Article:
Indoor air Quality Scenarios:

1.    I am concerned about the air quality in my office building, can the Safety Bureau test and certify the air is good? No, there is no single test that can analyze for everything and guarantee the air is “good”.  There are several causes of IAQ issues most commonly, lack of proper ventilation, moisture problems, occupant activities, and lack of building maintenance. Addressing these issues is the first approach to identification of IAQ problems.
    
2.    I work in a photo copy room and am worried about air quality. Can you help? Yes, we can review the Safety Data Sheets and the manufactures recommendations for the copy machines and make recommendations if needed.

3.    One of my employees complains that people in the office wear scented products that causes them health issues.  Can the Safety Bureau help with thatNo, OSHA does not have standards addressing fragrance sensitives in the workplace.  These are best resolved with the help of a medical provider and assistance from the human resource department regarding a fragrance free policy or reasonable accommodation.

4.    I run a shop that paints equipment and I want to be sure no one is over exposed.  Can the safety Bureau help with this? Yes, we can review your Safety Data Sheets, work process, respiratory protection program, and sample to determine exposures if needed.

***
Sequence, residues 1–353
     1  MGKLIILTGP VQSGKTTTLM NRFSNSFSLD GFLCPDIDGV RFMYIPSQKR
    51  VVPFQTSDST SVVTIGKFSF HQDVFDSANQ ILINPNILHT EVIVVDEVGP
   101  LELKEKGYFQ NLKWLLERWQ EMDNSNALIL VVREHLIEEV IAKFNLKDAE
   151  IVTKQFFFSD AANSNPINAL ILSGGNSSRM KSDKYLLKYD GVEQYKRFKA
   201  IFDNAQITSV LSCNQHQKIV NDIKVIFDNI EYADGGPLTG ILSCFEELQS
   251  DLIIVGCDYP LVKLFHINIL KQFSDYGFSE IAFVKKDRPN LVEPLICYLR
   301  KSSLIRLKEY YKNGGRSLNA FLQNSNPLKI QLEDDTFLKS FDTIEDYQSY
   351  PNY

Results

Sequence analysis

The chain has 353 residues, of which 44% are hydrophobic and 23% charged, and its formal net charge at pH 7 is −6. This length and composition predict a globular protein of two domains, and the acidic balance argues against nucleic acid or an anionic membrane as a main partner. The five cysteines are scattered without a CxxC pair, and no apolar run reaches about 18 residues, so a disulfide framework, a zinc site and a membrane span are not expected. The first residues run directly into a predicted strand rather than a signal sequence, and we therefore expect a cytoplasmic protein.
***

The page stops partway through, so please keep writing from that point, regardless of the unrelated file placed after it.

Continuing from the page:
5.    I work in an old library and I am afraid the children are getting sick from mold in the building. Can the Safety Bureau help us?  No, the Safety Bureau only has jurisdiction over employees and there is no OSHA standard for mold. If visible mold is present we would recommend contacting a qualified contractor to remediate the area.

6.    I think I smell a sewer odor in my building. Can the Safety Bureau help?  No, these problems should be addressed by a plumber, building inspector, or HVAC technician.  
 
7.    Are there different OSHA standards for Indoor Air Quality (IAQ) in office buildings? No, most IAQ complaints from non-industrial environments are in compliance with permissible exposure limits despite the complaints from building occupants. For example, a welding shop may smell and be smoky and not violate the OSHA standards.  That same air in an office setting would be considered unacceptable by most people, but would still not violate an OSHA standard.   

Proper ventilation addresses most common non-industrial IAQ complaints. We recommend 15 cfm per person be supplied during work hours and a HVAC technician needs to verify your fresh air supply. Below are some helpful IAQ links.

https://www.osha.gov/SLTC/indoorairquality/index.html
https://www.cdc.gov/healthyhomes/bytopic/airquality.html

Here are some tips that may help you improve your indoor air quality:

Schools:

For more information on how to create healthy indoor air quality in your school click on the following Link: https://www.epa.gov/iaq-schools